Readshaw, Kortz announce bill to improve police hiring process
HARRISBURG, May 6 – State Reps. Harry Readshaw and Bill Kortz, both D-Allegheny, have announced they will soon introduce legislation that would improve police departments’ hiring process by ensuring investigators have all the information they need to select the best candidates.
Their bill would require an applicant’s previous employers to disclose employment information to the law enforcement agency seeking to hire the applicant as a police officer, or to a licensed investigator working on behalf of the law enforcement agency. The disclosure requests would be in writing and be required to have an authorization signed by the applicant and the employer conducting the investigation. If the previous employer refuses to disclose the information, a court would be able to compel the release of the employment information.
“Law enforcement agencies take on the critically important duty of stopping crime and protecting the people of Pennsylvania,” Readshaw said. “Right now, if an officer is moving from one law enforcement agency to another, his previous employer isn’t required to disclose meaningful employment records to the receiving agency, which could include serious disciplinary actions. We need to make sure police departments have access to all the information they need to select the best and brightest men and women to uphold the peace and safety of our communities.”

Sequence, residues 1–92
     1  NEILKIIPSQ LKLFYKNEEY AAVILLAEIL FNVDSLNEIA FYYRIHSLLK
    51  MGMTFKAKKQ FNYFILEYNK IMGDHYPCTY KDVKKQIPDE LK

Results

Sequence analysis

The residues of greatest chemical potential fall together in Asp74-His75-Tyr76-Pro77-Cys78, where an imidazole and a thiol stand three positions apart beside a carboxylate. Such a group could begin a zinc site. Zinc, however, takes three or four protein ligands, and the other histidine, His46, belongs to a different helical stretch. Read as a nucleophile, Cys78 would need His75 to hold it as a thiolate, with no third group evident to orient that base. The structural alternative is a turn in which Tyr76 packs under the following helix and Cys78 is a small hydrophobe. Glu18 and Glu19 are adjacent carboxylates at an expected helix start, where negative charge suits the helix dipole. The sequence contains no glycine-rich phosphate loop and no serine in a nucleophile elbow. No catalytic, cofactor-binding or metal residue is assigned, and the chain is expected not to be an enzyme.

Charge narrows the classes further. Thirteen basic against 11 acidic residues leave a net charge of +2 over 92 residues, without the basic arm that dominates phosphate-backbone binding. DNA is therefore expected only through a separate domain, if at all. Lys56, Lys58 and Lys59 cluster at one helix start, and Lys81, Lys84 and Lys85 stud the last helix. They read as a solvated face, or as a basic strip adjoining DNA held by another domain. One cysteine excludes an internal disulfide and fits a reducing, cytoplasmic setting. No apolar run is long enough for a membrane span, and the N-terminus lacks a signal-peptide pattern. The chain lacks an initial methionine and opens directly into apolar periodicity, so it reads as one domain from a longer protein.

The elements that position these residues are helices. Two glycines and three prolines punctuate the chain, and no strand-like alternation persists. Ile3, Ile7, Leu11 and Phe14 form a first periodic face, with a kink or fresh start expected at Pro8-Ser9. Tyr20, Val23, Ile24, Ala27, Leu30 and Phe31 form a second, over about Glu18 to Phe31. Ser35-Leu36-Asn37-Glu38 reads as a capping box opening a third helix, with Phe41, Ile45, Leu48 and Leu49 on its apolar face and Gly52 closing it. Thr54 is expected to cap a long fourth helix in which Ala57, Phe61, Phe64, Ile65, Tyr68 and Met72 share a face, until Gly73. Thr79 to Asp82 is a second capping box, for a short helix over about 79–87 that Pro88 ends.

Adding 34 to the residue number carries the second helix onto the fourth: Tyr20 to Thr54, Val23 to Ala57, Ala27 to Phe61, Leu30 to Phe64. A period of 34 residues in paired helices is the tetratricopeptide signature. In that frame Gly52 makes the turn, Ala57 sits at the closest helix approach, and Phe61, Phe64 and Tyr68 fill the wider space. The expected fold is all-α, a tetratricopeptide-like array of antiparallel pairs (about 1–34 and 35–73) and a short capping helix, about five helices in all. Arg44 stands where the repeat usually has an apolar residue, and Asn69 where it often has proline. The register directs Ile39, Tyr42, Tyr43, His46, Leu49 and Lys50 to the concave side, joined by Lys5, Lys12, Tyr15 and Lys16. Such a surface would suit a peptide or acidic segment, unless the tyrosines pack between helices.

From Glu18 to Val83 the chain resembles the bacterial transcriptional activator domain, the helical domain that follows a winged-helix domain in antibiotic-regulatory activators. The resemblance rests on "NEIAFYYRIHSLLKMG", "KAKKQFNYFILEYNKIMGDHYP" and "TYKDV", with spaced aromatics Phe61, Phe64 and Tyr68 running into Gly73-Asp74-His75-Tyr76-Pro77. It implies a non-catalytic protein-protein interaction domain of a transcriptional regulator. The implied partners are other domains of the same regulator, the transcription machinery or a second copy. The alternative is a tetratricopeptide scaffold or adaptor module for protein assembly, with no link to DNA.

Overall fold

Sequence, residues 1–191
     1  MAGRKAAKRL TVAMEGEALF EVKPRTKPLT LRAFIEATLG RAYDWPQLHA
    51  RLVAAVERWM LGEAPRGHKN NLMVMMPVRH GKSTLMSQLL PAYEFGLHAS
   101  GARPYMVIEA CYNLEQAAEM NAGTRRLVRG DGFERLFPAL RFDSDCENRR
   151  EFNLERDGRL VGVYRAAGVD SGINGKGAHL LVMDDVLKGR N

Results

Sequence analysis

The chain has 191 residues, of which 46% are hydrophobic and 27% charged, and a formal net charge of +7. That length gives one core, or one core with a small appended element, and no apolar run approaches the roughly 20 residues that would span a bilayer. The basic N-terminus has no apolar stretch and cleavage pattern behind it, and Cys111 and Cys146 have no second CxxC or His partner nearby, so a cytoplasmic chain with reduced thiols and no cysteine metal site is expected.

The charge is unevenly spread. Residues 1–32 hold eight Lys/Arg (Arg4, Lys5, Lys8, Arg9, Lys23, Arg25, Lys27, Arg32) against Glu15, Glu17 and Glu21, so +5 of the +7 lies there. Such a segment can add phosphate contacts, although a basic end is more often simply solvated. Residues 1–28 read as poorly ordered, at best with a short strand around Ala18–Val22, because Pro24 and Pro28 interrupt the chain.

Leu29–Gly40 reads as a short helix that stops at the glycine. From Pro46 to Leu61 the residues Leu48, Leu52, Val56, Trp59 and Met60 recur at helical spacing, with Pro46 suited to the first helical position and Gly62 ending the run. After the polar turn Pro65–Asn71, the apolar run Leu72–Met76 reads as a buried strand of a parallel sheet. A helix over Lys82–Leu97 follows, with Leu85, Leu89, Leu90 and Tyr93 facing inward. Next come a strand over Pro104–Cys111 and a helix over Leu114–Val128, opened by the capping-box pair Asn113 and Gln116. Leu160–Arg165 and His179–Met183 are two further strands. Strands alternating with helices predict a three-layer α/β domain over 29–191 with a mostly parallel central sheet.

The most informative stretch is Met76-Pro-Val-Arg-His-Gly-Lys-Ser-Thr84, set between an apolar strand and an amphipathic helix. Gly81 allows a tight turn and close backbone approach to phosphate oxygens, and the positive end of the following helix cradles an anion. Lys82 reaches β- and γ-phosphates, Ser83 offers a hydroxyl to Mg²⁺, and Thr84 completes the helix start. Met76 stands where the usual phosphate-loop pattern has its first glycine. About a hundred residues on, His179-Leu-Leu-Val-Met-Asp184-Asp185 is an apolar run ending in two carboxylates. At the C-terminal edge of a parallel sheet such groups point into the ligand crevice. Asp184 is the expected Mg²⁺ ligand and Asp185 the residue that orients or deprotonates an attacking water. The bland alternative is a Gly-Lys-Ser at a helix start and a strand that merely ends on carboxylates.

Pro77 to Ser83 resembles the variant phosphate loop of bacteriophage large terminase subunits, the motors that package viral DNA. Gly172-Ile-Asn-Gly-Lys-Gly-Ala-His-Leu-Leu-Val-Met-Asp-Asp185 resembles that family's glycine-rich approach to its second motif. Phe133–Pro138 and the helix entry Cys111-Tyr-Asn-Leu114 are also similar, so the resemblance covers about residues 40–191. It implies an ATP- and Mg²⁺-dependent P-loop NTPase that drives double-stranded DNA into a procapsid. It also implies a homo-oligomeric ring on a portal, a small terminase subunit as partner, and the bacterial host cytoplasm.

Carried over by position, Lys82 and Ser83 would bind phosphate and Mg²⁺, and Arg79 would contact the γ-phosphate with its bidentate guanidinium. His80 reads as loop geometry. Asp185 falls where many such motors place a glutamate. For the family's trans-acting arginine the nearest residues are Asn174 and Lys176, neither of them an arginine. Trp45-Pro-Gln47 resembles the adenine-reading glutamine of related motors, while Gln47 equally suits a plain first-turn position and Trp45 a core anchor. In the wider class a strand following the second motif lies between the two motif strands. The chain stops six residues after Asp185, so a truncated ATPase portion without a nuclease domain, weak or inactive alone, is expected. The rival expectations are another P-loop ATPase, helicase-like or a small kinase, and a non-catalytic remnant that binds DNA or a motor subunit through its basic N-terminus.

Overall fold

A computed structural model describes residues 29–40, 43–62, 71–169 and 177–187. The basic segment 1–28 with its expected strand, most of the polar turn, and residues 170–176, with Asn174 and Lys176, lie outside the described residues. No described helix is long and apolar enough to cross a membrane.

“Our legislation would also free an applicant’s previous employer of civil liability for sharing employment information in good faith with a police department looking to hire a new officer,” Kortz said. “These law enforcement agencies often feel that they can’t hand over employment information related to their former officers, out of fear of civil liability. This bill would give law enforcement agencies peace of mind to exchange information, allowing them to hire police officers that will uphold the integrity of the profession and protect the public.”
The bill’s language was developed following extensive conversations with retired Pittsburgh Chief of Police and former state Rep. Dom Costa.